• Sunday, September 4th, 2011

Glyph of the word 'i'iki'.


  • (n.) chicken (when it’s food), chicken meat

Kiko ka hava ei i i’iki.
“Today I had chicken.”

Notes: Today’s word derives, unsurprisingly, from the word iki, “chicken”. In Kamakawi there’s a distinction drawn between an animal and the meat of that animal. I decided to do this on purpose, but I now forget the reason… I’m pretty sure it was high-minded, but I don’t know if I agree with the sentiment any longer (especially as I can’t remember what it is). Nevertheless, the distinction remains.

There’s a famous case of lexical ambiguity that involves chickens that’s discussed by Sanford Schane in his class “Language and the Law” (you can see a syllabus here). The case (which you can read up on here) involves a fellow who ordered some chickens, and when they arrived, he discovered they were stewing hens (ones used primarily for stock or in soups) as opposed to young chickens, which are used for eating generally (fried chicken, roast chicken, etc.). He refused to pay for the stewing hens, claiming that they’re not what he ordered. The guy who sent the stewing hens claimed that they were, technically, chickens. The court ended up finding in favor of Frigaliment (the guy who expected young chickens) because while the stewing hens were chickens, it was ruled that any ordinary person who heard “chicken” would not expect a stewing hen (kind of like if someone is looking for bachelors, presenting them with a three week old male baby wouldn’t fit the bill—though the little fellow would, technically, be a bachelor).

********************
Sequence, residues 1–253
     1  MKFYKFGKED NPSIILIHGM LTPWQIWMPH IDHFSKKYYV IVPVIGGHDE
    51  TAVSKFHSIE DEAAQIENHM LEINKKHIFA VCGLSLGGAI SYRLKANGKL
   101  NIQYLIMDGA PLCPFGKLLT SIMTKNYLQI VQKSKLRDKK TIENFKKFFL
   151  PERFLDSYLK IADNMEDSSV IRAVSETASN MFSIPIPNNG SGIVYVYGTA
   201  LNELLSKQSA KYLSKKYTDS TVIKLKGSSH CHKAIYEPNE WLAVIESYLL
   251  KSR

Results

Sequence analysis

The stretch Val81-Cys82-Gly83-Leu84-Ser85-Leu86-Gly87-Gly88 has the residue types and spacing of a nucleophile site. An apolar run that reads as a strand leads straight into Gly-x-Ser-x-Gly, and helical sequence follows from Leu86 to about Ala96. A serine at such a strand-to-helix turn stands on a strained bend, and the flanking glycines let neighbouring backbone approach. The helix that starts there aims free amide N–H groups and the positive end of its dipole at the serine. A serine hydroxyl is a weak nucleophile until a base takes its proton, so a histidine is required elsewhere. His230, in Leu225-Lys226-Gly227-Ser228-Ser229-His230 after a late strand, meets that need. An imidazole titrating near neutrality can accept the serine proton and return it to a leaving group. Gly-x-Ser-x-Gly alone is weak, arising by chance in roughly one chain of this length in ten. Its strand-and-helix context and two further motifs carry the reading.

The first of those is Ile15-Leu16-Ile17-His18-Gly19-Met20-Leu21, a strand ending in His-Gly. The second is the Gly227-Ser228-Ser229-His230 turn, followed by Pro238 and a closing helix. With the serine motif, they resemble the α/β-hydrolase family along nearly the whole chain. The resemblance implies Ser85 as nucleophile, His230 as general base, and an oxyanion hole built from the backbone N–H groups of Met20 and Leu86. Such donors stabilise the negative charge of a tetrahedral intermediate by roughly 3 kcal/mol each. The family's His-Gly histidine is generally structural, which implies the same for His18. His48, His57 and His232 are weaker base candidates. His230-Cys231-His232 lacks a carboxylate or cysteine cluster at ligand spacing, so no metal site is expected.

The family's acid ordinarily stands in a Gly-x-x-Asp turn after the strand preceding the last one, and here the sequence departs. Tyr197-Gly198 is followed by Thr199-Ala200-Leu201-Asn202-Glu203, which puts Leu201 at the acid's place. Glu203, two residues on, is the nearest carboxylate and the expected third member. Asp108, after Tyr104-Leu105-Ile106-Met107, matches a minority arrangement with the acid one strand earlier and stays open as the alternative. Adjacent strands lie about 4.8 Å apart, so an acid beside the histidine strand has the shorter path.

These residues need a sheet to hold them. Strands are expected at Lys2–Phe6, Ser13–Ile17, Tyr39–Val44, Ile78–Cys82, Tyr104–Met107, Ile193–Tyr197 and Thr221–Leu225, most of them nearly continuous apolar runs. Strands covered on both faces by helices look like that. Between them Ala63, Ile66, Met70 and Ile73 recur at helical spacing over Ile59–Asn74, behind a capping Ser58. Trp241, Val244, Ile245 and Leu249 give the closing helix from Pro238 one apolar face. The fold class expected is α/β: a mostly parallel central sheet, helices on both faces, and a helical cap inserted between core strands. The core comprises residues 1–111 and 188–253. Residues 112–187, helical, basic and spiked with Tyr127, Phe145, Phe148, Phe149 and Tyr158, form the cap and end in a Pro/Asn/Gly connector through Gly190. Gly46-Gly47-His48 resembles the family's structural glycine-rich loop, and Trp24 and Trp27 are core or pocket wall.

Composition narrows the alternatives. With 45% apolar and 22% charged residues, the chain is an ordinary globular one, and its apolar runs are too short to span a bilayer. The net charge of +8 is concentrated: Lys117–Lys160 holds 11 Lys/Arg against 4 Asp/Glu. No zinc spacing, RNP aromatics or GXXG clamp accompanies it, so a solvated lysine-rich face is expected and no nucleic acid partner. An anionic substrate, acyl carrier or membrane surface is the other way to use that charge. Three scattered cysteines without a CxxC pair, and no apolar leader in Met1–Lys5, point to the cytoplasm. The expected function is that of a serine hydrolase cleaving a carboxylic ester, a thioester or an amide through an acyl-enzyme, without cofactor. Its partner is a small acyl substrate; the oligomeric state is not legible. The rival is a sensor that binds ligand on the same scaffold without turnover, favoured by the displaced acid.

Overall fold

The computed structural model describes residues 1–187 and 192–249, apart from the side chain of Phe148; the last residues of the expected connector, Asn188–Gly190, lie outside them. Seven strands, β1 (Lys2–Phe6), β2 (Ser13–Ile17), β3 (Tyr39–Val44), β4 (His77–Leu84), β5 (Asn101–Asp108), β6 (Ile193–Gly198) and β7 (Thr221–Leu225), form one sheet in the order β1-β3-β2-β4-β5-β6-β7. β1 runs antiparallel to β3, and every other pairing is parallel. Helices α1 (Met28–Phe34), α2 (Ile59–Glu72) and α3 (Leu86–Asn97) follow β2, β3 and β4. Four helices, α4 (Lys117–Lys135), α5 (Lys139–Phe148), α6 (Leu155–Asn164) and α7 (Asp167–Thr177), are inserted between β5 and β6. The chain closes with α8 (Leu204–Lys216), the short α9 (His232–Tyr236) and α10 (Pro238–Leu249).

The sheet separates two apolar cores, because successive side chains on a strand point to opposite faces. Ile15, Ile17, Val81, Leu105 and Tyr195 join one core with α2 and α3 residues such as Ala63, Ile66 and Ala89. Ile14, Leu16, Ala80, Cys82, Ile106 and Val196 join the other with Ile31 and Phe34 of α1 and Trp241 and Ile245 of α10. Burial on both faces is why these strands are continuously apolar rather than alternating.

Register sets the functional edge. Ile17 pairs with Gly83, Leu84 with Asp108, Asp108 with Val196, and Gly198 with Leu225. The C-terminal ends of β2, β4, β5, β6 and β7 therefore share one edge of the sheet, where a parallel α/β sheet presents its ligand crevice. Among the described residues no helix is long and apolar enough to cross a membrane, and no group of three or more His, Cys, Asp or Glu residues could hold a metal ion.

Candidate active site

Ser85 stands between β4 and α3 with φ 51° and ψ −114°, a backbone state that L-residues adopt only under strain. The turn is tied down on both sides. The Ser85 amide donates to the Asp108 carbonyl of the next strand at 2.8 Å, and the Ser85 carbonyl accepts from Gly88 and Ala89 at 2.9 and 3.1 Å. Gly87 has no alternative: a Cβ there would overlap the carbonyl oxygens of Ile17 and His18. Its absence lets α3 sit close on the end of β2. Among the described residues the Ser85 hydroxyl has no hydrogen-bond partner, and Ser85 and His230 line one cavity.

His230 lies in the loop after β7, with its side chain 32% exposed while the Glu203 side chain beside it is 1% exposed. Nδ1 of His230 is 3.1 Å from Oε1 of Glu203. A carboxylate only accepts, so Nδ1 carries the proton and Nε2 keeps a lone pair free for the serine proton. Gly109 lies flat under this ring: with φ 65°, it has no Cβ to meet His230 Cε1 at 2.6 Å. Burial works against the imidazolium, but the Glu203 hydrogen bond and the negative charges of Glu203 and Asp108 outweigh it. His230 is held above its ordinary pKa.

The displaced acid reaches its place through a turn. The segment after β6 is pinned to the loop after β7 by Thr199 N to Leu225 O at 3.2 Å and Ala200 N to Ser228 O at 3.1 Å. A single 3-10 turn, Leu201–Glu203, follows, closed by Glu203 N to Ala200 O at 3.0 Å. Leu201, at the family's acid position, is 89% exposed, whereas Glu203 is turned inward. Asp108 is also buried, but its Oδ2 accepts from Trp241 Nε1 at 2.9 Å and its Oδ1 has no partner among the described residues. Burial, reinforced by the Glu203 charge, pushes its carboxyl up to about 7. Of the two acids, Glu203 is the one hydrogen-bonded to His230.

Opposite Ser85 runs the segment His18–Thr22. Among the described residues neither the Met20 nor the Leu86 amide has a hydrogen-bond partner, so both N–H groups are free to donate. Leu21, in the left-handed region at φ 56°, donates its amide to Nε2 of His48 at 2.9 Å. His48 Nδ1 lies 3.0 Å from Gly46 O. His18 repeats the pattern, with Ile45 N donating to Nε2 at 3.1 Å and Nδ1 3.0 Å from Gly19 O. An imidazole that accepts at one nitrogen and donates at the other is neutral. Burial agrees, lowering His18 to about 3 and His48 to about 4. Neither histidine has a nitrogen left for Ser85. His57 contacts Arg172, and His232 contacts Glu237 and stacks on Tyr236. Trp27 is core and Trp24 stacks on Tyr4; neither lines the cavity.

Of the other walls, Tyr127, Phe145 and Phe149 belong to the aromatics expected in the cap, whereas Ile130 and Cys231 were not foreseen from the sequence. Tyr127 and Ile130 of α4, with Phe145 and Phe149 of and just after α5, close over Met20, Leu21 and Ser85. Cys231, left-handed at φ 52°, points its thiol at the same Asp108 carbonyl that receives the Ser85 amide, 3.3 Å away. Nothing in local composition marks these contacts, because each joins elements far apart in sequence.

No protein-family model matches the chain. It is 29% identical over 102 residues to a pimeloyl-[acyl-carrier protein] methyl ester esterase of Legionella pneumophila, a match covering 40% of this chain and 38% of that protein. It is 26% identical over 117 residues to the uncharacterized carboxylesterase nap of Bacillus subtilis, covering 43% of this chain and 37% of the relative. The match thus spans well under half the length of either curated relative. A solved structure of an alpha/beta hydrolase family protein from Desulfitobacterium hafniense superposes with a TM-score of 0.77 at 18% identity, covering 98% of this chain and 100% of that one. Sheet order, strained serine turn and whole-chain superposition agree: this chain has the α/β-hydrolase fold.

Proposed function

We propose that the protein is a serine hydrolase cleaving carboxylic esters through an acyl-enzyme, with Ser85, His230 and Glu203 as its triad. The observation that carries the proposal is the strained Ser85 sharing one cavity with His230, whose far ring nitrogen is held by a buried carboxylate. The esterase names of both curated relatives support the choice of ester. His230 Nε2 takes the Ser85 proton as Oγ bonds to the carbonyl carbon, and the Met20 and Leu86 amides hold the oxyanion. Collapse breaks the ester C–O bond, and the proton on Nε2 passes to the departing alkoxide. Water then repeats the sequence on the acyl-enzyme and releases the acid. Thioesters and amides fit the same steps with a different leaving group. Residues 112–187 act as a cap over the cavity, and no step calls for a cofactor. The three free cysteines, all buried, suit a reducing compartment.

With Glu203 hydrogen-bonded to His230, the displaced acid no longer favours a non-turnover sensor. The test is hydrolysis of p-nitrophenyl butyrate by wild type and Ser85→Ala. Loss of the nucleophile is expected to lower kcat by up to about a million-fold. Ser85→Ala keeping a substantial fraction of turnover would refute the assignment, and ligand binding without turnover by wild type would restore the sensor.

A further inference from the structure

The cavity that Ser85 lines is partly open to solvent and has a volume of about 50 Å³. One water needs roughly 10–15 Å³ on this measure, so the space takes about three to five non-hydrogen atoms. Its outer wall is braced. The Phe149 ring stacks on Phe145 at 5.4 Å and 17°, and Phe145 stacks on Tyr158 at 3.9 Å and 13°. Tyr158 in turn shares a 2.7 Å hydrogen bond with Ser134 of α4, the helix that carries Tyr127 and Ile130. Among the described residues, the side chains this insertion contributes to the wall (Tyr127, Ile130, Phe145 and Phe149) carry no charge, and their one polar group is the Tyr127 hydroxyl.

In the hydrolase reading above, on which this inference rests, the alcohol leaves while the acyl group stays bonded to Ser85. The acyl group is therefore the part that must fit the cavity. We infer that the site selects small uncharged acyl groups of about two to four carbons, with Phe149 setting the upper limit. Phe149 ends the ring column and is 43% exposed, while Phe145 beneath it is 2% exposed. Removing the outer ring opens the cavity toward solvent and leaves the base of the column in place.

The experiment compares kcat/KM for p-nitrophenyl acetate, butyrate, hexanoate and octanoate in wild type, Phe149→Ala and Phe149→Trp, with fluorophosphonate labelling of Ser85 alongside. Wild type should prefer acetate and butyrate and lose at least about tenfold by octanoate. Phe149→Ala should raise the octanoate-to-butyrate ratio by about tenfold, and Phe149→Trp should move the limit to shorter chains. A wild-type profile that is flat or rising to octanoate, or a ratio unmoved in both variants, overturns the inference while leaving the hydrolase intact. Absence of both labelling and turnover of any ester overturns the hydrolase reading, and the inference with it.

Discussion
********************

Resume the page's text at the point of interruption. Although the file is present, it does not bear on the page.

Anyway, I brought this up because it occurred to me that the Kamakawi term would solve this ambiguity, but it does’t, actually: I’iki would be used for both stewing hens and young chickens that have been slaughtered for their meat. Oh well.

In other news, today is my good friend Scott Yarborough’s 30th birthday. For my very close friends, he is the last one to turn 30 in our year of 30s. Today we are officially “real” adults, and can no longer use our youth as an excuse for anything. We’re all old and supposed to be responsible. Oh well. It was a good run, while it lasted.

But yeah, happy birthday to Scott! Of us men of a certain age, you are the youngest. Today our hats are off to you. Tomorrow… Well, tomorrow is another day (which isn’t so bad after all).


• Thursday, June 23rd, 2011

Glyph of the word 'ke'i'.


  • (n.) chukar partridge

A mata ei i ke’i!
“I see a chukar!”

Notes: I felt I needed a bird word, and so here one is. I encourage you to do an image search for the chukar partridge. They’re quite funny looking birds. Very plump. They look like they’re wearing a headband, or something. Funny little birds. :)